The global peak is liable to manifest as a "bumpy plateau." Prices will wobble. Markets will wobble - as the oil markets have been doing the past year. International friction will increase, especially around the places where the oil is - and two-thirds of the world's remaining oil is in the states around the Persian Gulf where, every week, a half dozen US soldiers and many more Iraqis are getting blown up, beheaded, or shot.

The "bumpy plateau" is where all kind of market signals and political signals are telling you that "something is happening, Mr. Jones, but you don't know what it is." We'll only know in the rear-view mirror.
The meaning of the oil peak and its enormous implications are generally misunderstood even by those who have heard about it - and this includes the mainstream corporate media and the Americans who make plans or policy. [For an example of major media coverage of the peak oil question,see this New York Times Sunday Magazine article from August. While the reporting seems fine, it gives little sense of just how fundamental the changes will be when the peak oil moment comes.--DJF]

The world does not have to run out of oil or natural gas for severe instabilities, network breakdowns, and systems failures to occur. All that is necessary is for world production capacity to reach its absolute limit - a point at which no increased production is possible and the long arc of depletion commences, with oil production then falling by a few percentages steadily every year thereafter. That's the global oil peak: the end of absolute increased production and beginning of absolute declining production.

And, of course, as global oil production begins to steadily decline, year after year, the world population is only going to keep growing - at least for a while - and demand for oil will remain very robust. The demand line of the graph will pass the production line, and in doing so will set in motion all kinds of problems in the systems we rely on for daily life.

One huge implication of the oil peak is that industrial societies will never again enjoy the 2 to 7 percent annual economic growth that has been considered healthy for over 100 years. This amounts to the industrialized nations of the world finding themselves in a permanent depression.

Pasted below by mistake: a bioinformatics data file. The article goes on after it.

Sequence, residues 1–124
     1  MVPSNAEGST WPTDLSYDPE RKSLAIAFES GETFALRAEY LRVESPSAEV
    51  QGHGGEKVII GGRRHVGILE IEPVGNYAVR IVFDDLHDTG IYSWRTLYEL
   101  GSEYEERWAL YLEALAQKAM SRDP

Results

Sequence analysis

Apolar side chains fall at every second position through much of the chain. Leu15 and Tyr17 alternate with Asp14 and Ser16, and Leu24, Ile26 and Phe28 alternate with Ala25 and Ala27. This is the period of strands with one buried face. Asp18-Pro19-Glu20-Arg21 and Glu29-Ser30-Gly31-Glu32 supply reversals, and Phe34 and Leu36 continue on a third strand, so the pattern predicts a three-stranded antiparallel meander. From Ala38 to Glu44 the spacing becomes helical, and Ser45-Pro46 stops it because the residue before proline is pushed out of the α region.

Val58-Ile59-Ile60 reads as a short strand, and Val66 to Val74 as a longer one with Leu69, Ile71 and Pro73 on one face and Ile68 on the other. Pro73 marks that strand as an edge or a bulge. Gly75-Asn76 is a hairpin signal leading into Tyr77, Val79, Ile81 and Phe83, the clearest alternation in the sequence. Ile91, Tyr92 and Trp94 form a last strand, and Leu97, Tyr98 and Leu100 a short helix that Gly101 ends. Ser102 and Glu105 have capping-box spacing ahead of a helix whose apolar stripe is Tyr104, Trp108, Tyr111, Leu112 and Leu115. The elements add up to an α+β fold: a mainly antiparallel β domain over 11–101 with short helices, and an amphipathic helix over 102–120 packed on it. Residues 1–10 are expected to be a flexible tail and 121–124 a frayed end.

Long before the oil actually depletes we will endure world-shaking political disturbances and economic disruptions. We will see globalism-in-reverse. Globalism was never an 'ism,' by the way. It was not a belief system. It was a manifestation of the 20-year-final-blowout of cheap oil. Like all economic distortions, it produced economic perversions. It allowed gigantic, predatory organisms like WalMart to spawn and reproduce at the expense of more cellular fine-grained economic communities.
[W]e [can't] replace the current car fleet with electric cars or natural gas cars. We're just going to use cars a lot less. Fewer trips. Cars will be a diminished presence in our lives.

Not to mention the political problem that kicks in when car ownership and driving becomes incrementally a more elite activity. The mass motoring society worked because it was so profoundly democratic. Practically anybody in America could participate, from the lowliest shlub mopping the floor at Pizza Hut to Bill Gates. What happens when it is no longer so democratic? And what is the tipping point at which it becomes a matter of political resentment: 12 percent? 23 percent? 38 percent?
No combination of alternative fuel systems currently known will allow us to run what we are running, the way we're running it, or even a substantial fraction of it.

The future is therefore telling us very loudly that we will have to change the way we live in this country. The implications are clear: we will have to downscale and re-scale virtually everything we do.